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Lethbridge Herald Newspaper Archives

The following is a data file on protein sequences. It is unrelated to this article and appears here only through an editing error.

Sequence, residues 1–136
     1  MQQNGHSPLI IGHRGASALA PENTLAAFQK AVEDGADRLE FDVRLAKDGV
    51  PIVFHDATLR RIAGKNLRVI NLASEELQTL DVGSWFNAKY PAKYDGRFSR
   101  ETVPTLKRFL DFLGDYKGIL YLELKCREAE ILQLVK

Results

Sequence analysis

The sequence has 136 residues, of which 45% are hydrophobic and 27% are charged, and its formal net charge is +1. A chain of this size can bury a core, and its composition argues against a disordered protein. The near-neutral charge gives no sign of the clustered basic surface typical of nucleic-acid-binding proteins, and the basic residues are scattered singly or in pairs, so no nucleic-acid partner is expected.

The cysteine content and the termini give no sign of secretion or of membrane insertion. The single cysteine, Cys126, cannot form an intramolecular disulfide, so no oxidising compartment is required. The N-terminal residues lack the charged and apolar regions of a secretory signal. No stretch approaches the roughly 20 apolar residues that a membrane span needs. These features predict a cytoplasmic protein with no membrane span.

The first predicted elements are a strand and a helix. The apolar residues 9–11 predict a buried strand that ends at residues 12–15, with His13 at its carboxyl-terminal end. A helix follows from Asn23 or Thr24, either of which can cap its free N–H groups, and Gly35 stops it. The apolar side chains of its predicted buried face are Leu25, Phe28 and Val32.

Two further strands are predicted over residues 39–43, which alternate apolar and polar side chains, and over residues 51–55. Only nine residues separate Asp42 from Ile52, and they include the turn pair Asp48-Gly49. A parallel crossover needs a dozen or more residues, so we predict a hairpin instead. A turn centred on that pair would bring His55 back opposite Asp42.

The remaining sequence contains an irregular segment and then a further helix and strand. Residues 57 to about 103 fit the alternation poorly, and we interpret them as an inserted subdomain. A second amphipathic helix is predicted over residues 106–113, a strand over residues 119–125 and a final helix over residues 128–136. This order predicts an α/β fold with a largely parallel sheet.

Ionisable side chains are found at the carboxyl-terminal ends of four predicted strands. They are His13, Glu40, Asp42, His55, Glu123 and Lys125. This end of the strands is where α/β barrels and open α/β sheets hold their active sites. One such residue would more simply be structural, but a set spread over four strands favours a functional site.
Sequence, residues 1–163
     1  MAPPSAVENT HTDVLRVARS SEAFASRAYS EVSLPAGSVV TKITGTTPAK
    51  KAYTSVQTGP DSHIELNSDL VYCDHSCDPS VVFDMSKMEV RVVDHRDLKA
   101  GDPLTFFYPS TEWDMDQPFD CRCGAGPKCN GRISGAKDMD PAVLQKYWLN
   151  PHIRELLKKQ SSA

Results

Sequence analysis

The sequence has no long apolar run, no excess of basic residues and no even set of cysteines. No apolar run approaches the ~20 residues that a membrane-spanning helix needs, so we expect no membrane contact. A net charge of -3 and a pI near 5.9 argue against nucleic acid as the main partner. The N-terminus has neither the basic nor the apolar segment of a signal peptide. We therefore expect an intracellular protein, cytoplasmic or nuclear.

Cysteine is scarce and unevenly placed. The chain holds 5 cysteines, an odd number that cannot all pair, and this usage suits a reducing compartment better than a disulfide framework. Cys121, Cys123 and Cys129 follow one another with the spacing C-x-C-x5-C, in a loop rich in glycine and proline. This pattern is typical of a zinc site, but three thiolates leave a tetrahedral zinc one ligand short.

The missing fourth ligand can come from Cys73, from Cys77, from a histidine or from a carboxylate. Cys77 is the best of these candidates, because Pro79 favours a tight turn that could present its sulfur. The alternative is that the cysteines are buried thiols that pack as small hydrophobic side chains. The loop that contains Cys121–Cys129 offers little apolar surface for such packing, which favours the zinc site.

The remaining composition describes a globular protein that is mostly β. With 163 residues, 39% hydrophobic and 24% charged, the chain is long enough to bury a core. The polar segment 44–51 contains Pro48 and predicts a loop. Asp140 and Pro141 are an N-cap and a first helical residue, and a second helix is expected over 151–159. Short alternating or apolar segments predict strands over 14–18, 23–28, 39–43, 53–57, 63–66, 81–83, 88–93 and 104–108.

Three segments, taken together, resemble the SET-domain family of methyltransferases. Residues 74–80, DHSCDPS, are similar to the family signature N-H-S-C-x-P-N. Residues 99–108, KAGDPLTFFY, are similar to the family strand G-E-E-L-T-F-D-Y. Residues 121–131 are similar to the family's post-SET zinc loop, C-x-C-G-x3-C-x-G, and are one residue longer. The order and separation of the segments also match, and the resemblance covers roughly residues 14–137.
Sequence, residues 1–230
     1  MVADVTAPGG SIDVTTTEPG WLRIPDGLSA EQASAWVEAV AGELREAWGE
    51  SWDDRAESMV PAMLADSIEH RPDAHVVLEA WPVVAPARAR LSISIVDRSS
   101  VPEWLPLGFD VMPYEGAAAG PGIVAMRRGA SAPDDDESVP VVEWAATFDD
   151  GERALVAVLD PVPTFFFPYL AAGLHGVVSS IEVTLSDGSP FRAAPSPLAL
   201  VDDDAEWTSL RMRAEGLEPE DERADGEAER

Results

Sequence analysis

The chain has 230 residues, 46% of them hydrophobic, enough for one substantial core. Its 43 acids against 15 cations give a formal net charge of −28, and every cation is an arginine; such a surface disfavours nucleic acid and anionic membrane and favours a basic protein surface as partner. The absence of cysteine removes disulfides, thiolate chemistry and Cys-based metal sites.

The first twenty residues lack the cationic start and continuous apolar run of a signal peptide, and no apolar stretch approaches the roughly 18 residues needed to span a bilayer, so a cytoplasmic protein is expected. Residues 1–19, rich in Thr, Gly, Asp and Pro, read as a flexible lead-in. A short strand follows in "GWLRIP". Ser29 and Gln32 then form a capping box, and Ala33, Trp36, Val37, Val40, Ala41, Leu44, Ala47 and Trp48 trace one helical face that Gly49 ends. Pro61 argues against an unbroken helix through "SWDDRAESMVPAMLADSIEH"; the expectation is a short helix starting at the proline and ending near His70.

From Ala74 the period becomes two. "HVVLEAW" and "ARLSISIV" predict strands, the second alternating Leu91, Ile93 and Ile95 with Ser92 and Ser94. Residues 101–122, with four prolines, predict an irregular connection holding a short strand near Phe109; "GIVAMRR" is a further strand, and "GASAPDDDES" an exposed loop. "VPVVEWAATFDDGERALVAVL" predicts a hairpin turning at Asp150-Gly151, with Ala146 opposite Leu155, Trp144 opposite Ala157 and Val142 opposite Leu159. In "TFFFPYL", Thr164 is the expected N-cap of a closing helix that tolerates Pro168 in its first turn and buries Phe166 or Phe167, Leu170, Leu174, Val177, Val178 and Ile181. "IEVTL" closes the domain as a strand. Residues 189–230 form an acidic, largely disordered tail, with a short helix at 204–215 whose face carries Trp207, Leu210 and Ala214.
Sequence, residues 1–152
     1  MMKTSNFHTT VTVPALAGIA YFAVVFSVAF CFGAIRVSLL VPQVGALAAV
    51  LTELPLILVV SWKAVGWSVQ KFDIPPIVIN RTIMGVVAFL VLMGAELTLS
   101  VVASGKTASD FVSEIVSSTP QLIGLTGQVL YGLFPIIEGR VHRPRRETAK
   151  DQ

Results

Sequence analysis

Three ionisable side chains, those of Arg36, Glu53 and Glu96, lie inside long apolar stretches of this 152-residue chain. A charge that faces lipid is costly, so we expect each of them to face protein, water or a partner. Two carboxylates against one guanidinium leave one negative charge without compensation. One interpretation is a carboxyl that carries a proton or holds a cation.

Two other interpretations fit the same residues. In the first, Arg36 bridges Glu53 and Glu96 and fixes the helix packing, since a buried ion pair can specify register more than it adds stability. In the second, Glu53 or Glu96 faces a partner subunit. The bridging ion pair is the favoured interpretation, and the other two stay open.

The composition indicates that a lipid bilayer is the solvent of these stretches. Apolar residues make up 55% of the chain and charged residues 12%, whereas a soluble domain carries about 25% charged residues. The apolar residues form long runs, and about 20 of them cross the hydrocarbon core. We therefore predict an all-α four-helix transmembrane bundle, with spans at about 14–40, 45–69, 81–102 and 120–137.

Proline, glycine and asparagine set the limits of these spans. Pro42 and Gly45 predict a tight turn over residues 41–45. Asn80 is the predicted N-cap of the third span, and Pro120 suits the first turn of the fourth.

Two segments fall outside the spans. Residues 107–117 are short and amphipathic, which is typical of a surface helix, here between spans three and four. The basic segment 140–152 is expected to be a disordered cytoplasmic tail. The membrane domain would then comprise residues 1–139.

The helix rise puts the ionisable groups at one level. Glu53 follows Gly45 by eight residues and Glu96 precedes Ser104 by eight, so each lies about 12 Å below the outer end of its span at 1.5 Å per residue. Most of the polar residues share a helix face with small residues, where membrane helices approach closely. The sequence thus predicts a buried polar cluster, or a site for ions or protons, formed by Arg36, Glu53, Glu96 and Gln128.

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Lethbridge Herald, The (Newspaper) - December 11, 1971, Lethbridge, Alberta tlnidge Third Section Lclhbridge, Alberta, Saturday, December 11, 1971 Pages 25 to 32 Quick solutions sought monetary officials SNOWMOBILE A family in the lown of Braina.d, New York, got out of the snow. The snow-carved vehicle may last until spring and is a together afler a 22-inch snowfall and built themselves this automobile full scale replica of cars out of the thirties._________________________ Former NDP lender busy in retirement air for Tommy Douglas OTTAWA fCPi Tt Douglas bul IB rcai l shtkcr when hn was chant UH lci-un''y of tired parly Ics'dcr. letters a the Douglr.s dcrk. There arc speaking invitations from all over North America, of which about three a week are ac- cepted. There are visits cvciy sec- ond week to his Vancouver Is- land constituency. There is the Commonwealth P a r 1 i a- mentary Association. Ami there are university lectures to prepare, along with fre- quent church sermons. In short, little Tommy ending his 10-year leadership of tho NDP, is champing at the hit. There is no rocking in his cffi'.'C. despite this, and despite e'.-.ittcr of Idlers, docu- ..i.'i s reports en his hravily-workcd desk, it re- mains of Parliamsnt's most offices to visit. because the pug- ilisi-tiirncd-prcacher-turncd. politician still has marc wit across i anti warmth than just about Douglas, six after ciian. anybody in the business. Despite a scaring schedule, he now has a bit more free- dom in arranging his time. If thi> perky MP, now 67. can be found, he's usually willing to have a chat. Until his retirement, he had been a party leader for 27 17 of them as premier of Saskatchewan. And now he was being asked what he would do if he new were a 21-year-old Cana- "I'd go into politics. But I would train myself first by studying economics, sociology and law I wouldn't have any specific preference re- garding federal or provincial politics." Now that he had six months to think about it, was there any one thing he wished he had done differently as leader of the NDP? He thought for a long time. "I dcn't consciously know of any place along the road where I could have done anything to give us any more rapid suc- cess." Mr. Douglas loves to talk about the think I now have more enthusiasm and dedication than I've ever he'll go on for hours about the social prob- lems facing Canada. But now, without the pres- sure of the leadership, he has more time to throw in those famed Douglas anecdotes. TICKETS EACH 1 GOOD FOR ALL 1 DRAWS .SWEEPSTAKES i FIRST SECOND PRIZE.... THIRD 70 PRICES OF EACH ALSO 3 i !LY BONUS DRAWS y TOTAUIN; 4 _________ZONE._________PFIOV.-. The only other politician close to Mr. Douglas in telling jokes on himself is tenner Mime minister Lester Fear- son. Why didn't he do more with his humor? "I've tried to Evoid aTiy image of being the Bob Hope of politics. The purpose of humor for me is to build a bridge with my there is no better way than to let them know you can laugh at yourself. you can't hate someone you have been laugh- ing with." WRITING A BOOK At this point, the five-foot, four-inch, politician an- nounced that he is working on a book about humor in pli- a book about humor in poli- tics. If he can get his wit into words, it will be well read. Since the NDP had not achieved any major break- TOMMY DOUGLAS Chomping at the hit through in its 10-year exist- ence, did Mr. Douglas some- times wish he had remained premier of Saskatchewanu "No, I never had any re- grets about that. Responsibil- ity has to be passed on to younger men, and I had an- other job to do." What surprised him most about being- a non-leader? "There has been no diffi- culty in the adjustment, but I probably didn't think the ac- tivity would remain at quite as high a pitch. However, there is far less have only one constituency to worry about, not every one in the country." TURNED DOWN FEES Mr. Douglas said he has turned down invitations to go on the U.S. elcture circuit at handsome fees, but is plan- ning to spend more time visit- ing universities. The easiest group of people to address? "Party supporters. I can prepare a speech in half an there isn't much value in speaking to people who agree wilh evcrythinp you say. The most useful speeches arc made to non-po- litical groups." The little Scot said IK can prepare n St. Andrew's Day speech in a few minutes. But for one on St. George's Day speech, he worked for three days. Meanwhile the mail was pil- ing up, the phone was ringing and someone was at the door And the beaming bantam was his element, handling al' three. "Haven't felt so well in 2( years." By KEVIN DOYLE Canadian Press Staff Writer Scrambling to restore order in ic international system of rade and finance, world mone- ary experts appear to have set side earlier plans for funda- mental reforms in favor of Many officials, including Ca- adian Prime Minister Trudeau, cw expect a possible realign- ment of major currencies and emoval of the troublesome Jnited States import surcharge Christmas. Trudeau said after a recent Washington meeting with Presi- ent Nixon he hoped for such a realignment at a meeting next week of the 10 leading non-Com- munist industrial countries, the Iroup of Ten. But many observers argue ha1, solutions which seem to be taking shape will do little to lasting stability in the vorld economy. U.S. TOUCHED IT OFF The current problems arose when the U.S. imposed the 10- )er-cent surcharge and sus- >ended the dollar's gold con- vertibility Aug. 15 in an attempt x alleviate a chronic balance- of-payments deficit. The Group of Ten met in Lon- don within weeks of the U.S. move amid countless state- ments by finance ministers that ong-terrn settlement1; must be sought to correct the U.S. im- >alance, stabilize currency .ransactfons and eliminate simi- ar problems in future. But at a September meeting in Washington and a Rome con "crence earlier this month, the ministers appeared to have abandoned, for the time being at least, their earlier Icng-term efforts. Some experts, including sev eral prominent economists, now say the vague outlines of a pos sible solution which appears t be taking shape offer no indica tion of any fundamental reform in the system. FORECAST RESULTS They believe any settlemen which may emerge from meeting of the group in Wash ington next week is likely t contain the following paints: Japanese yen would b by 16 per cent or more, the West German mark y at least 12 per cent and the French franc, the Italian lira nd UK British pound sterling y about five per cent. Canadian dollar would ikely continue to float in rela- ion "to that of the U.S. U.S. would not object to he International Monetary it has the luthority to do--that the new atcs have the practical effect of increasing the dollar price of ;old by about 'ive per cent. the franc, sterling and the lira would not change their price against gold since their revaluation would be offset by the effective devalua- ion of the dollar. the lira, franc and jterling would be called "Pivo- al currencies" and the devalua- ion of tlie dollar could be re- erred to in terms of these cur- rencies without any reference to gold. EFFECT; DEVALUATION This plan would have the ef- ecf of bringing about an effec- ive devaluation of the dollar, which the U.S. has said it is wiling to consider, while avoid- ing a congressional debate on :he contentious gold question. The U.S. has also insisted on reduction of trade barriers anf a greater sharing of Euro- pean defence costs in return for elimination of the surcharge. Other members of the Group of Ten have indicated willingness to dismiss both matters and some progress has already been made. Critics of the compromise, which appears to be under con- sideration, argue that if the U.S. imbalance is corrected in this way, the supply of American dollars available to other coun- tries will be greatly reduced. If the U.S. buys less abroad, they say. there will be fewer dollars in the world market. These commentators argue that any settlement to be effec- tive must provide for a new re- serve asset to take the place of national currencies. This could be done by enlarging each coun- try's special drawing "paper the IMF. Sir Leslie O'Brien, governor of the Bank of England, is among experts who believo SDRS should be turned into a single world reserve asset wilh national currencies added only as part of working balances. This would provide much of thr liquidity needed as the U.S. payments position improves and as Britain reduces some of 'Is sterling balances in preparation for the U.K.'s expected entry into the European Common Market. O'Brien told a recent London investment conference that major trading countries no K iger want a world dominated by dollars or sterling. But most agree any such hopes for such dramatic reform are likely to be severely disap- pointed when and if a settle- ment of the current problems is reached. Here's new twist paid- more than men WASHINGTON Labor Department said yes- terday it is suing 14 McDon- ald's restaurants for paying women more than men for the same work. Under the Equal Pay Act it is illegal to pay different rates of pay to men aid women for work requiring the same skill, effort, and re- sponsibility at the same es- tablishment. However, nearly all equal-pay cases involve discrimination against wom- en, not men. In the latest action the gov- ernment said it has brought suit in U.S. District Court in Milwaukee alleging that 14 McDonald's restaurants in Wisconsin paid 425 young men from 15 cents to 40 cents an hour less than women do- ing the same work. The suit seeks back pay plus six-per- cent interest and a court order against future sex dis- crimination in pay. fou and your domestic "power hour" Look at the difference 20 years made to the cost of keeping your food frigid. THEN: The electric refrigerator wasn't beautiful but it certainly "refrigerated." Re- member that icemaker? Solid ice! And the rest of fridge would ice up too. The food was kept cool (sometimes too cool) for a power cost of NOW! The latest models have doors for freezer and refrigerator. They keep but- ter soft. They even come in pretty colours. And the power cost is only 1.75 a month. 1.OS a month. Despite continually increasing costs, the price of electricity Is far less than 20 years ago CALGARY POWER ;